Businesses are increasingly dependent upon electrical power to operate. It’s common sense that you should guard your IT systems against the likely event that they are rendered powerless. You only need to take a look at the live list of power outages to see that there are a number of outages happening at any one time and that you should prepare accordingly.
The problem with a power outages isn’t necessarily the instant impact it has on your building and IT systems, because many power outages are short-lived. The bigger impact is, in fact, noticed when power is restored. Hardware (especially old hardware) doesn’t respond well to power surges or interruptions. Switches and routers commonly fail due to fluctuations in voltage and current. When power is restored, your servers may all come back up in good working order, but without your switches and routers they are rendered useless and productivity can’t continue until these have been replaced.
So how do you protect yourself from the possible downtime caused by your next power interruption?
- Outsourced IT
If your IT systems are outsourced through a MSP (managed services provider) then your IT systems will be held in a data centre somewhere. You should check on the power resilience built in by the data centre to ensure you are happy with this. We still regularly come across instances where IT systems have been taken down by power failures at data centres, that even their methods of resilience can’t protect against. According to some research by Emerson Network Power ,91% of data centres experienced unplanned outages in the past 12 month.If you are worried about losing power then your best option is to have a copy of your IT systems held independently of your MSP so you can quickly failover to your standby system should your data centre have a power outage. Backups won’t help in this instance as you’ll have no IT systems to run them on. You should, however, always have a backup copy of your data held somewhere independently so in the worst case scenario, at least you won’t lose your data. IT systems can be replaced (in time), data can’t.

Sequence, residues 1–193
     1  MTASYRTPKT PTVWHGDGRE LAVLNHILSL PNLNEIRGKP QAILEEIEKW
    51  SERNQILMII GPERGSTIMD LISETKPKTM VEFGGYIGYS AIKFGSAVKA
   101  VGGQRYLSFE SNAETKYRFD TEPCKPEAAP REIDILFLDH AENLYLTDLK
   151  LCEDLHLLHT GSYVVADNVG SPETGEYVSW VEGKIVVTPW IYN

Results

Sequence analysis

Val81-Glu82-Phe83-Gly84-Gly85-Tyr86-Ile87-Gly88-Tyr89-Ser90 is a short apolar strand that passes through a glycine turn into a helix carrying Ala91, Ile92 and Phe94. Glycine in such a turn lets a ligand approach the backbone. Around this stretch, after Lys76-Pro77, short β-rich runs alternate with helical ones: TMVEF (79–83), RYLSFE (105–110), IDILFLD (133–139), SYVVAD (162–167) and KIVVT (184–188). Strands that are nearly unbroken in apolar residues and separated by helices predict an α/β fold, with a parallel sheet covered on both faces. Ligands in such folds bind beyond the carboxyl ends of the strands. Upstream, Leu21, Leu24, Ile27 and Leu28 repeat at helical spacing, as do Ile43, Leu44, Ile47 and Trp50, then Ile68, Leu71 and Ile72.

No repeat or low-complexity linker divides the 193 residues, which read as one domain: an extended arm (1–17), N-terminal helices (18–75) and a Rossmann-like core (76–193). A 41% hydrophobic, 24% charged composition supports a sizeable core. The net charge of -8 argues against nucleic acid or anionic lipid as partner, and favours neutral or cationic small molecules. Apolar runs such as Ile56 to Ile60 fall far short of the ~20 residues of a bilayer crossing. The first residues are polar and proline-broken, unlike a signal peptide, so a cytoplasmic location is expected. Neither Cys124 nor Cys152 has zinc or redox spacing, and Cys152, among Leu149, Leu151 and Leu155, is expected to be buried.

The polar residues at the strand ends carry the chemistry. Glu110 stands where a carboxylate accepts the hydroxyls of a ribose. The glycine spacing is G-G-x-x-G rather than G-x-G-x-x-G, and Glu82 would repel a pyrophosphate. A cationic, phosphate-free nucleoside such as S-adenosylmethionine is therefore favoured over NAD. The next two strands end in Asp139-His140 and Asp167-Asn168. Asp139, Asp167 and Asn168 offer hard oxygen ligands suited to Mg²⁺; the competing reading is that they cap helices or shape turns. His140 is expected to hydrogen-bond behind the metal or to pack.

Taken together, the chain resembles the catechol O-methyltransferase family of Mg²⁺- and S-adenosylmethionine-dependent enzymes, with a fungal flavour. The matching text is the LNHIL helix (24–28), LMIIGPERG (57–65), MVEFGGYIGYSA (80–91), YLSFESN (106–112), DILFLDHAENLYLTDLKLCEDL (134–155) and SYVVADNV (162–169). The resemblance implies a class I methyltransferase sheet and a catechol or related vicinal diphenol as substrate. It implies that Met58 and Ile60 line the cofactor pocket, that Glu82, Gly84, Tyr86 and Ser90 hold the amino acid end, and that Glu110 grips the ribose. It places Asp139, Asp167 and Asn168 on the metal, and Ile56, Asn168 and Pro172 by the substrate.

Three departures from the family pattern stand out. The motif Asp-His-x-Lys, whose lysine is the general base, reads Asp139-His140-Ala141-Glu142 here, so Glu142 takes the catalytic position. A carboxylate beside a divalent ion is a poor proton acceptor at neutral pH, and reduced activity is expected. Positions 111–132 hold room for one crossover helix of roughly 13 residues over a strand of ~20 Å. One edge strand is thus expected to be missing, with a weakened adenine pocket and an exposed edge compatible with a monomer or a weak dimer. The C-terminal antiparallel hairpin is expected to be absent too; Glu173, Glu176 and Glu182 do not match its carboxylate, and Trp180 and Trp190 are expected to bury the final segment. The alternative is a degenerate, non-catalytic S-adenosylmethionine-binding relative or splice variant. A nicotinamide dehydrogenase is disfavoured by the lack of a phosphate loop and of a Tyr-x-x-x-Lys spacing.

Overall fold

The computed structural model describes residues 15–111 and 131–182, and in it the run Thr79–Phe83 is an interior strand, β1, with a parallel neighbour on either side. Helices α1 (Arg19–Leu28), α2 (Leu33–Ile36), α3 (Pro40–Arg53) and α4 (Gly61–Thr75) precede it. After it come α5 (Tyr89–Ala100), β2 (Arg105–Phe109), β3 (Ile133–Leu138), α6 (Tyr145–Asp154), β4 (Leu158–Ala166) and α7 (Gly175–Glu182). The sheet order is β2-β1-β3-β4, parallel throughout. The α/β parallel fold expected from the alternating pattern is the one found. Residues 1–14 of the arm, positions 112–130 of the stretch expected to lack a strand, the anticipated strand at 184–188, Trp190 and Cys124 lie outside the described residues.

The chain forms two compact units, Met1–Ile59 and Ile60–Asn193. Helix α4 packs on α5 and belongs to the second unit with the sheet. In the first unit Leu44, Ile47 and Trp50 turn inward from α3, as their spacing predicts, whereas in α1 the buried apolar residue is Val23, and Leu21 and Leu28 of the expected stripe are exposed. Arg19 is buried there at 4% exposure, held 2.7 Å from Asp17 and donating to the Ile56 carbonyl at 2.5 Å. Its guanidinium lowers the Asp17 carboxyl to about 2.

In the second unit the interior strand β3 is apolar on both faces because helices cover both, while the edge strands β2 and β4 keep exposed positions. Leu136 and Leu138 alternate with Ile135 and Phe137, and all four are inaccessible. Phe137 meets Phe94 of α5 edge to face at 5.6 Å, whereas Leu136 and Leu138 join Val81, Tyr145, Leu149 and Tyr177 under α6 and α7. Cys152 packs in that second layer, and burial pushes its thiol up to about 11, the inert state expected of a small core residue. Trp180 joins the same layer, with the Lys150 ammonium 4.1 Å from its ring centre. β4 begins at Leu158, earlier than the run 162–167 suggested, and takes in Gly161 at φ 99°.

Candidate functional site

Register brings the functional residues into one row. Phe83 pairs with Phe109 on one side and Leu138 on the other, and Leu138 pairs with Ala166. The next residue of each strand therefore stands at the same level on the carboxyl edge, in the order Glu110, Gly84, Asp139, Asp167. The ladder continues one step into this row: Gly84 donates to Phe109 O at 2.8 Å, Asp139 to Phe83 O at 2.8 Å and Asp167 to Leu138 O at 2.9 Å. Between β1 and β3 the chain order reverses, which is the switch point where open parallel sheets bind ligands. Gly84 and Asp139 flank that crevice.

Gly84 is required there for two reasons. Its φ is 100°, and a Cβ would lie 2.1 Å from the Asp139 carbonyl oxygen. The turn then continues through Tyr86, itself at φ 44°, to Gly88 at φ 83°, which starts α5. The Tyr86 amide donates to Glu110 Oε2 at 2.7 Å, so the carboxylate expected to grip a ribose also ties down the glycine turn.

If you manage everything in-house, then you have the option of building in some resilience against power surges and short term outages by means of UPS’s. But bearing in mind that these can still fail, and during prolonged outages these will not maintain your IT systems for long enough, you should have another plan. Again, a secondary standby set of systems that can run in a separate geographical location, which won’t be affected by the same power cut, would be advantageous. You should also maintain spare hardware (routers, switches, HDD’s) ready for when you come to failback to your live systems after power is restored. The cost of standby systems and spare hardware though can start to escalate and this is where an independent cloud provider can start to reduce costs thanks to hardware syndication. The time and resource options of managing Disaster Recovery should also be considered, as managing and maintaining a second set of systems will incur a resource cost.
In summary, power failures are difficult to protect against unless you have a Disaster Recovery solution in place that can provide instant failover. Consider what you would do if your production environment were without power for a few hours. Are you happy to wait it out and deal with the consequences afterwards? It all boils down to whether you want to take the risk that a power outage won’t hit you.